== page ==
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Illegal Police Chase


Illegal Police Chase

As Published in Rhode Island Lawyers Weekly

On the night of February 19, 2004, a motorist operating a gold Taurus automobile was positively identified by a Providence police officer as a member of a local gang. The officer attempted to conduct a stop of the vehicle since he allegedly had reason to believe that the operator of the Taurus illegally possessed a firearm. Providence police activated their overhead lights. Once this occurred, however, the gold Taurus accelerated in an attempt to elude police. The operator of the Gold Taurus was next observed to improperly drive around several vehicles (“left of center”) and through several red traffic lights. In his deposition, the Providence police officer described the maneuvers of the Gold Taurus as “reckless.” In a further effort to elude police, the operator was observed to shut his headlights while entering the highway and “swerving between cars.” Providence police immediately terminated their pursuit “based upon the fact that he [the operator] was on the highway now and his lights were off and I could see him from a distance swerving between cars, and to me, it wasn’t worth [chasing him] whether there was a gun in the car or not…because [the driver] was adamant on not stopping.”

Instead of continuing to chase the Taurus, Providence police issued a broadcast providing a brief description of the gold Taurus and the fact that that the driver (1) was in possession of a firearm; (2) had extinguished his headlights, and (3) was speeding en route to the Providence border. Providence police next proceeded to the west end of Providence “because this is the area where we know the subject to reside, for a chance he might come back into that area and we’ll deal with him then.”

The suspect’s Gold Taurus automobile soon left Providence and entered the area where neighboring police were patrolling. Owing to the broadcast from Providence, police began to chase the gold Taurus. Curiously, at his deposition, this same officer admitted that he “…didn’t know what [the operator] had done and why he was being pursued by Providence [police].”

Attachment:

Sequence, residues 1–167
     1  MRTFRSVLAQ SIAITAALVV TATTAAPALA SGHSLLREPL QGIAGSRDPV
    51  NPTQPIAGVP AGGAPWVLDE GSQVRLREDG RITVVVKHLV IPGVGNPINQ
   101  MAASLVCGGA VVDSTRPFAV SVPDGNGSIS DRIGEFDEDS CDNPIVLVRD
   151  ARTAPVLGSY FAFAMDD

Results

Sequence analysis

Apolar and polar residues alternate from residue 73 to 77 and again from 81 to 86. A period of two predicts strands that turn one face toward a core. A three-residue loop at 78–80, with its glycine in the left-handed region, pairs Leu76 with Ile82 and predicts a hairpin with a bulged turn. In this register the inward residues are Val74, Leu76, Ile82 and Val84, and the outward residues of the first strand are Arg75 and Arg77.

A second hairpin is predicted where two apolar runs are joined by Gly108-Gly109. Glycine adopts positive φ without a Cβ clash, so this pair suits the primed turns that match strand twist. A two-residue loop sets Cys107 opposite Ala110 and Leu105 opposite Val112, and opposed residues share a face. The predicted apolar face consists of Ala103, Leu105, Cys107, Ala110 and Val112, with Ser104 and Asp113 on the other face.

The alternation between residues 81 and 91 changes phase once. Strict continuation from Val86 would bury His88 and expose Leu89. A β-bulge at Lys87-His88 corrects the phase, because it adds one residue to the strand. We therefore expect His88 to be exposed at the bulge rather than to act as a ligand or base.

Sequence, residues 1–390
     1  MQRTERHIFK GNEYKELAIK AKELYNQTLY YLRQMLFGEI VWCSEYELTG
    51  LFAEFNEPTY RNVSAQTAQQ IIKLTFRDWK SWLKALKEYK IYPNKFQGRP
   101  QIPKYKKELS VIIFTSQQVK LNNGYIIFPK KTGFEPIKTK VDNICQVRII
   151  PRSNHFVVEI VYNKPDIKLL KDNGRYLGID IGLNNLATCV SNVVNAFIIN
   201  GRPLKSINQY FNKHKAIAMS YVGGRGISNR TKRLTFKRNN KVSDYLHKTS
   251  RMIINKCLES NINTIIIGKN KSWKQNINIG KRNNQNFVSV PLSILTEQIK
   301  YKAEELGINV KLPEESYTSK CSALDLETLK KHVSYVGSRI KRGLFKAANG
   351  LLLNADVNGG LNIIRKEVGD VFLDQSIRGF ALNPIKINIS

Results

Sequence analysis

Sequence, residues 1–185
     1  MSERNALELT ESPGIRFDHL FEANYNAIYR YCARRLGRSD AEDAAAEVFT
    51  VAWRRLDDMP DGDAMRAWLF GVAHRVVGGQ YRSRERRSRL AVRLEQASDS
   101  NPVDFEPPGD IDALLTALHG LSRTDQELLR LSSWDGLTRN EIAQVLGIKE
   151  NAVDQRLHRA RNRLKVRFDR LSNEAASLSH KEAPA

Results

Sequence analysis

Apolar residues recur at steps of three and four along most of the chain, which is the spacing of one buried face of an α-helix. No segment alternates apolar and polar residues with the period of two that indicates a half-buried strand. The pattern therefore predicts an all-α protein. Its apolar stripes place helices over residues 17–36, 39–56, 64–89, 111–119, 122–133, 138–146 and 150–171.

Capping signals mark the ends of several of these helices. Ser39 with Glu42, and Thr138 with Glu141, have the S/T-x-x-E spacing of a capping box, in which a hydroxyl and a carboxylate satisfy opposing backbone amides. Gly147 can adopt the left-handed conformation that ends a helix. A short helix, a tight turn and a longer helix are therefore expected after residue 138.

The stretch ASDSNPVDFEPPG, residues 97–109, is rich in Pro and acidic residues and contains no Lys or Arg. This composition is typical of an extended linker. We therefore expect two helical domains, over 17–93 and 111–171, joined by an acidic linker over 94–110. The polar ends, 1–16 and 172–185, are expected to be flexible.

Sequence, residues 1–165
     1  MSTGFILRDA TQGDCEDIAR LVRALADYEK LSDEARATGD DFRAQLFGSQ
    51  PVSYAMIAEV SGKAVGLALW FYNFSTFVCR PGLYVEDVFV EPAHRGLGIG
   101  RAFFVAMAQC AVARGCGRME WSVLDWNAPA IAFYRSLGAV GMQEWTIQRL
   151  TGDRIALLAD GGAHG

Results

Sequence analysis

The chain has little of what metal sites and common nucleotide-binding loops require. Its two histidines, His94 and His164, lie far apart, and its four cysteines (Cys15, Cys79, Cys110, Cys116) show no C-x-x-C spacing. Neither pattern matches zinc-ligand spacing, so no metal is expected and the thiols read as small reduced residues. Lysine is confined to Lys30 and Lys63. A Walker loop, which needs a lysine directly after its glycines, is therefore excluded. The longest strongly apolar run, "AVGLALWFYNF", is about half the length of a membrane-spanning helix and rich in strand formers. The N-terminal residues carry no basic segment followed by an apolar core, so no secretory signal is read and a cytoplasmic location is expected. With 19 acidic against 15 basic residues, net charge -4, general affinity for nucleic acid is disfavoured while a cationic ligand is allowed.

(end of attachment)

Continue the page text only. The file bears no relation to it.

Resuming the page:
After briefly observing the gold Taurus he broadcast to his dispatcher both the location of the vehicle and its registration number. A simple check of the registration by police would have positively identified the operator, although the registration was to another vehicle, not the Taurus. Before initiating his chase, police “observed the gold Taurus approach the intersection [and] then quickly cut across four lanes of travel” onto Route 10. The police officer activated his siren and overhead lights and accelerated after the Taurus. During this part of the chase, the officer was again able to visually obtain the suspect’s vehicle registration number. Audiotapes containing the transmissions that were broadcast by police on this night have been obtained. Despite repeated radio transmission requests from both his dispatcher and the “officer in charge”, that the pursuing officer provides information concerning his “speed and position”, this was never done.

When the officer was ultimately deposed and asked why he initiated a pursuit of the Taurus he responded that “there was a weapon in the vehicle. Other than that, I didn’t know if he murdered someone.” He elaborated that “…I didn’t know what type of incident he [the suspect] had been involved in.” During the earliest stage of the chase the officer also personally observed the suspect extinguish the headlights of the Taurus.